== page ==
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Preparing your exit strategy - How to prepare your business or company for sale

View profile for Naushad Rahman
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With the current uncertainty surrounding the British economy, it is fair to say that businesses are considering their long term options, with many now looking to sell.  Naushad Rahman, Partner in our Company Commercial team, explains some basic steps you should bear in mind when preparing for such an eventuality, and how we can support you, your business and your employees through what can be a traumatic transition.

Understanding your motivation for selling will be valuable information not only for prospective buyers but also for other professionals advising you throughout the transaction, such as accountants and tax advisors.  Being well versed in understanding your objectives means that the legal documentation can be drafted in your favour, minimising your liability and risk exposure to incorporate any beneficial tax restructuring steps. 

You will also need to give consideration to those around you, such as your employees, shareholders, managers and co-directors.  Clarity on your objectives at the outset will lead to a more efficient completion process and a more streamlined transaction for all of those involved. 

Understand the value of your business

Obtaining a professional valuation for your business is always worth undertaking. The valuation will refer not only to the profitability of your business, but also the business practices that you have in place.  Your price will likely reflect some of the following factors:

  • Profitability, turnover and other assets
  • The strength in your future business plan and customer base
  • Size of the business
  • The sector that you are in and your position in the current marketplace
  • How quickly you wish to sell
  • The ability in your key management team to move the business forward

Consider the ways to sell

Once you have a value for your business and a better understanding of the market, you can assess the different options available to you to sell it.  You may be able to find a private-equity buyer or a private investor, or you may consider a management/employee buyout. 

You may also need to decide on your future involvement: do you wish to sell the entire business or keep a small stake in it?  Depending on your role in the firm, a buyer may wish you to remain as a partial owner for consistency and confidence for the employees and customers. 

Review your accounts and legal position

The financial history of your business is one of the first things that a potential buyer will wish to review and you should have up-to-date records for at least the last three financial years, including:

  • Company reports
  • Valuation of any assets
  • Turnover figures
  • Profit and loss figures
  • Any debts owed and the creditors concerned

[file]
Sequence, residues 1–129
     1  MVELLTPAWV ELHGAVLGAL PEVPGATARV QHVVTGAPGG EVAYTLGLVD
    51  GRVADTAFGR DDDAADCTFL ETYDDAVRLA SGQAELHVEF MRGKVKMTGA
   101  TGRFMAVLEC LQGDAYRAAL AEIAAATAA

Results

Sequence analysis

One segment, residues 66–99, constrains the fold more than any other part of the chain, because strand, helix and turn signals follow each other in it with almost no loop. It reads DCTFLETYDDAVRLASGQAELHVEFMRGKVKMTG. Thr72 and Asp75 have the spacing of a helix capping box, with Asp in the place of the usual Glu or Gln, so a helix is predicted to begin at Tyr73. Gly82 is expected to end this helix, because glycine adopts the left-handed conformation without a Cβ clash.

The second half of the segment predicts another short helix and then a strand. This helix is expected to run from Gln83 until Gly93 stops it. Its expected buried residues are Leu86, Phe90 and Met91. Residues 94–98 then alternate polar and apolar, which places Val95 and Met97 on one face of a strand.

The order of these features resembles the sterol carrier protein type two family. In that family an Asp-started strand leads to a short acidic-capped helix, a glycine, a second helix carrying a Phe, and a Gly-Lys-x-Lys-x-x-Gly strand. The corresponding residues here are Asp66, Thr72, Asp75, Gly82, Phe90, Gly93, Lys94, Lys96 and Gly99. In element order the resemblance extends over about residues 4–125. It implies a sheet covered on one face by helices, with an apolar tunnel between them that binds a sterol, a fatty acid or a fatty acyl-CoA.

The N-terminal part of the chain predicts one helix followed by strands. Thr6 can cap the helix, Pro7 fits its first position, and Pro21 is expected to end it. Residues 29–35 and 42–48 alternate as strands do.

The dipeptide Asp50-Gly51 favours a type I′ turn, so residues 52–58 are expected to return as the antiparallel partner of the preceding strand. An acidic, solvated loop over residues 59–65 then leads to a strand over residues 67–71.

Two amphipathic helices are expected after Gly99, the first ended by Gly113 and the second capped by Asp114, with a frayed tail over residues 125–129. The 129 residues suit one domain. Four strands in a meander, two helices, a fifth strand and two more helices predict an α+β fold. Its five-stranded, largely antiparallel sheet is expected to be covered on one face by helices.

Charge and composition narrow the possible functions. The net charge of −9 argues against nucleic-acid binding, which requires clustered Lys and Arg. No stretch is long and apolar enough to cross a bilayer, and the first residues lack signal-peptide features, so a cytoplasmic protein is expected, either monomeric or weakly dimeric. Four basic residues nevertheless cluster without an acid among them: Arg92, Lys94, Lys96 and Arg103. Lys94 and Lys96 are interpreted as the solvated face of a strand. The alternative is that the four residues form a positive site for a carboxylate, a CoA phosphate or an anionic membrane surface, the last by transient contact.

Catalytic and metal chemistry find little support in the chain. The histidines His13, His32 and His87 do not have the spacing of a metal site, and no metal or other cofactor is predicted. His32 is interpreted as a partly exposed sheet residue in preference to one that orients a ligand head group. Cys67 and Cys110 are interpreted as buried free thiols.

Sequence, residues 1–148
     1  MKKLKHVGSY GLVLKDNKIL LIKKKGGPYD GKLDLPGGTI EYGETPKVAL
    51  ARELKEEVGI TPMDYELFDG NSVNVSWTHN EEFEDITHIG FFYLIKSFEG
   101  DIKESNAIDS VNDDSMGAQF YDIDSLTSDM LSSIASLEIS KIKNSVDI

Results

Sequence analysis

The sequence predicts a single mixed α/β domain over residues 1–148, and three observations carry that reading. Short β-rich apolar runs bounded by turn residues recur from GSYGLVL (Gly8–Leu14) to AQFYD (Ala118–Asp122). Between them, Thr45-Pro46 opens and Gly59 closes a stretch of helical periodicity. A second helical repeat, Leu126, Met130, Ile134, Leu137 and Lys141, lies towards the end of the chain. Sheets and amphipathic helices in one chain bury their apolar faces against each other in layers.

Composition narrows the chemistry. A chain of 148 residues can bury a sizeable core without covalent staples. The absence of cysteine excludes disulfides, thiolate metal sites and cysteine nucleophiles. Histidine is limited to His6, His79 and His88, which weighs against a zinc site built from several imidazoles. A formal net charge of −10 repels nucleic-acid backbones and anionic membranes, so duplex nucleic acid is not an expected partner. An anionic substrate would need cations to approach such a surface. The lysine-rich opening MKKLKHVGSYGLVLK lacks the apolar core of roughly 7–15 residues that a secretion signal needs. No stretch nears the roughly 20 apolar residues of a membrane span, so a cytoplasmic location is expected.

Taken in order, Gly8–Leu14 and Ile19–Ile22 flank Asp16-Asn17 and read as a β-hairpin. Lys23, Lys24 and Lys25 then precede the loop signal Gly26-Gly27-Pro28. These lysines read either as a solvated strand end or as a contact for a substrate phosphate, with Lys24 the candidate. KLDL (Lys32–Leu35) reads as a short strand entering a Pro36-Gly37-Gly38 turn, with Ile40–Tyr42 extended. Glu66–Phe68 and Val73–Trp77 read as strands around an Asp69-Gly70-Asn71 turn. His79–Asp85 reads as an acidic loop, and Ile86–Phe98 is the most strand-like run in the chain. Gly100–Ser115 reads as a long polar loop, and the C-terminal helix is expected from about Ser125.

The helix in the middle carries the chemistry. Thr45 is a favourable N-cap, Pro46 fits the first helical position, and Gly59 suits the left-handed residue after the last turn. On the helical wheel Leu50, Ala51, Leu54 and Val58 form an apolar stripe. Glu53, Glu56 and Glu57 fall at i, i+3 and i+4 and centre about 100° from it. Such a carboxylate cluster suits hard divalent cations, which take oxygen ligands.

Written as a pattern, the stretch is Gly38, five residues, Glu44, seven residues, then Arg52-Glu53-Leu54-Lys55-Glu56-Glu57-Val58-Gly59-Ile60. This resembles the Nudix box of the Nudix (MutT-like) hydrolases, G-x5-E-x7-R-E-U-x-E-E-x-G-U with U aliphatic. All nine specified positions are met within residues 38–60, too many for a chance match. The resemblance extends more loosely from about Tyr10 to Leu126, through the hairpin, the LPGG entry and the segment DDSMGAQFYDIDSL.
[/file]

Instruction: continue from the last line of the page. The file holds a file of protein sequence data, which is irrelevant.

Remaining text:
• Forecasts for the future

Any legal documentation that you require to operate should also be readily available, for example:

  • Compliance certificates
  • Licences
  • Property leases
  • Intellectual property registration
  • Trademarks and patents

During the legal due diligence process any existing contracts for employees, suppliers and customers would typically be reviewed, and any ongoing litigation resolved.

Review your business efficiencies

A potential buyer will be looking for a well-run and efficient business, with modern and reliable systems; no matter how keen they are, if they need to invest heavily in technology once they become the new owner, this could impact on the final price.  Reviewing the current procedures regarding your phone system, IT, invoicing, credit control and HR can highlight some areas for improvement to make your business more appealing. 

Consider your employees

Your employees keep your business moving, so ensuring they feel secure and confident during the changes will be important in order to maintain their loyalty up to the point of sale and beyond.  Receiving appropriate legal advice before making any announcements is key to minimise rumours and uncertainty amongst the workforce. 

In order to sell your business, you will be looking for advice you can trust from experienced professionals.  On a business sale your choice of solicitor (who will effectively be leading and/or project managing the transaction and the other professionals involved) will be key. Here at Warner Goodman LLP we are leaders in this specialism.   We will advise you on the preliminary documents (e.g. confidentiality and exclusivity agreements and Heads of Terms) required, undertake the due diligence and prepare the principal sale documentation, with all your objectives in mind giving you user friendly, sensible and pro-active commercial advice.

As a matter of course we will also connect you with various other professionals in our network, as well as to our colleagues in our other Commercial departments, such as our Employment Law and Commercial Property teams. 

If you are considering selling your business/company and would like to discuss it more with Naushad, contact her today on 023 8071 7409 or email naushadrahman@warnergoodman.co.uk.

This is for information purposes only and is no substitute for, and should not be interpreted as, legal advice. All content was correct at the time of publishing and we cannot be held responsible for any changes that may invalidate this article.